There’s a common image of stock market investors sitting in front of screens all day, waiting on every snippet of information, and making snap decisions on whether to buy, sell or hold whenever a stock comes up on their newsfeed.
If you’ve read any of our thoughts here at The Motley Fool, you’ll know we’re nothing at all like that — and nor should you be. But the question of whether, and when, to buy shares is still an important one.
You might, for example, have looked at the carnage that hit the banking sector immediately after the UK’s Brexit referendum in June 2016, and seen the expectation that our exit from the EU would put an end to the UK’s prominent position in the European banking business. But shares are often oversold in the immediate aftermath of a surprise and then rebound to a more sensible valuation when the shock subsides.
If you’d acted on that thought and bought banking shares, you might have been feeling pleased around 12 to 18 months later after they started on what looked like a decent recovery. But progress towards Brexit since then has sent banking shares diving once more. Apart from HSBC, which is heavily focused on the Far East, the sector is down at around those post-referendum levels again — Lloyds, Barclays, RBS, they’ve all gone nowhere.
What about the oil crisis? If you’d decided, back in January 2016, that oil prices of around $30 per barrel were unsustainably low, and you’d taken that as a sign to invest in big UK oil stocks, you’d have done very nicely. BP shares are up 66% since then, and Royal Dutch Shell has done even better with an 88% rise.
In one case, investing in a major sector when it looked oversold would have been a good move, and in another case it wouldn’t. But how do you tell?
The answer is you can’t — and you’re very unlikely to do well as an investor if you try to time the market anyway. Very few people can do it successfully, and even fewer consistently. Possibly the world’s best ever investor, Warren Buffett, simply doesn’t try — he follows the maxim that it’s time in the market, not timing the market, that counts.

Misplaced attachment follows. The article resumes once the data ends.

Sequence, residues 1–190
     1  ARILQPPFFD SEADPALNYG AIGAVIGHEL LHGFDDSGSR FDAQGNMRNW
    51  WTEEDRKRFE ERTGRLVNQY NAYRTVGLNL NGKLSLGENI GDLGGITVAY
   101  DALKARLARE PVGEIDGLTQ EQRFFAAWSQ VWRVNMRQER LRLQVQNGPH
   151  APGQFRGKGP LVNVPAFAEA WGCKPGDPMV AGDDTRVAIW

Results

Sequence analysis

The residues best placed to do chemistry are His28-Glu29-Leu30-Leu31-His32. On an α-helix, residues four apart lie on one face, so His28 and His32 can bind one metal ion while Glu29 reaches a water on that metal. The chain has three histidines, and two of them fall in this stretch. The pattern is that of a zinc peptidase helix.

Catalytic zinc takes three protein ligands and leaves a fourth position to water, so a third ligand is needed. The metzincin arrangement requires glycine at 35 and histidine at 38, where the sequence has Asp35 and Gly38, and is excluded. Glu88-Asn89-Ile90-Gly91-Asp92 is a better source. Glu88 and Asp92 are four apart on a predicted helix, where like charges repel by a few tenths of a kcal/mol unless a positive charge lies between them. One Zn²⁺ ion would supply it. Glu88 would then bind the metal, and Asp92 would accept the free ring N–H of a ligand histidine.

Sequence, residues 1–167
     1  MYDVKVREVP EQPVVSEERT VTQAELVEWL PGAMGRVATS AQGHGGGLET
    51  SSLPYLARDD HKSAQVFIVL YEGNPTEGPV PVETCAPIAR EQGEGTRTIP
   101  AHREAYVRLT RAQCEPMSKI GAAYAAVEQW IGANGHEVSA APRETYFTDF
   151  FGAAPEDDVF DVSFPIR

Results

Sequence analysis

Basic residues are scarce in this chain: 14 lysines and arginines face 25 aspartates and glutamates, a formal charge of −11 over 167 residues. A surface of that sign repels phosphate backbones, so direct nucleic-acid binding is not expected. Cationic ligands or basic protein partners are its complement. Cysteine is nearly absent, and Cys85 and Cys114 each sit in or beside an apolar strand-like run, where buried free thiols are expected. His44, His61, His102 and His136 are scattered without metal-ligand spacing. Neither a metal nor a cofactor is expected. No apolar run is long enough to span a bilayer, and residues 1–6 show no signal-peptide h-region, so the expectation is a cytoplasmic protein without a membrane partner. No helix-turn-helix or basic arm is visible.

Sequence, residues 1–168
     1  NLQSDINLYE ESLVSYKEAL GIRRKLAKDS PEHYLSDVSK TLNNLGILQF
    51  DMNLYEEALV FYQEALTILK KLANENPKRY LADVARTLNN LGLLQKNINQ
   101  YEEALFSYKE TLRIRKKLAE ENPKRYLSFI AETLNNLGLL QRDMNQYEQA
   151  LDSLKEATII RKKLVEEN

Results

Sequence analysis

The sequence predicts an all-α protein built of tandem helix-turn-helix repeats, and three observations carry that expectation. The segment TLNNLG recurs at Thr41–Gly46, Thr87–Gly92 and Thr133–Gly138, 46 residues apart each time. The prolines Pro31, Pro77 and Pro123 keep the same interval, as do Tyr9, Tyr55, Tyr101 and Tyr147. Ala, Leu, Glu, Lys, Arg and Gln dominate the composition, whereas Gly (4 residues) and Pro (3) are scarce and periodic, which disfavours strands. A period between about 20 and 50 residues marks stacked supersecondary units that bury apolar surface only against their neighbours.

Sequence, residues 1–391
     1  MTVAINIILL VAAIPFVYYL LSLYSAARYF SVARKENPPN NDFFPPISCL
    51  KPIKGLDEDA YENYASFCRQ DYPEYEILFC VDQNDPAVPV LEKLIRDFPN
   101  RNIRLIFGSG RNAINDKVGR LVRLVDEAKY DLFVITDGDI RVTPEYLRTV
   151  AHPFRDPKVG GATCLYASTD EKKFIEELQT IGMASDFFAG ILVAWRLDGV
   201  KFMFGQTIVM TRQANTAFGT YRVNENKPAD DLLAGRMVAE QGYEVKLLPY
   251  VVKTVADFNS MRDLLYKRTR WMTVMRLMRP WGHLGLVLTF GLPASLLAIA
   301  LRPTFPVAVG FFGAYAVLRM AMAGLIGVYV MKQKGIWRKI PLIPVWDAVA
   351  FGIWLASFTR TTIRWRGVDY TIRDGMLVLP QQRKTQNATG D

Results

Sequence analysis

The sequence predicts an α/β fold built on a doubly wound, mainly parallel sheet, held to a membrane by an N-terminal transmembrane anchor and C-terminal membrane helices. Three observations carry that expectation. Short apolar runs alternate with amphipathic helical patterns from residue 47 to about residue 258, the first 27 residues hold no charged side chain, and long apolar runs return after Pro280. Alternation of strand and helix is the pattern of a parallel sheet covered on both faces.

So where does that leave us? Should we buy shares now, or wait until Brexit is finished? Will there be a recession? Will a no-deal Brexit cause shares to slump? Or will a further depressed pound cause shares to rise in sterling terms?
We simply don’t know, and we shouldn’t really care. All we can do is look at a company now, and ask a few things. Is it a great company? Is it at an attractive price now? Is it a company you’d be happy to hold for the next 10 years?
Right now, I think there are plenty of shares in the FTSE 100 and FTSE 250 that easily satisfy those requirements, especially with the FTSE 100 on a very attractive forecast dividend yield of 4.5%. What do I think will happen to share prices over the next few months? Don’t know, don’t care — I’m buying shares today to hold for the next decade.
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Alan Oscroft owns shares of Lloyds Banking Group. The Motley Fool UK has recommended Barclays, HSBC Holdings, and Lloyds Banking Group. Views expressed on the companies mentioned in this article are those of the writer and therefore may differ from the official recommendations we make in our subscription services such as Share Advisor, Hidden Winners and Pro. Here at The Motley Fool we believe that considering a diverse range of insights makes us better investors.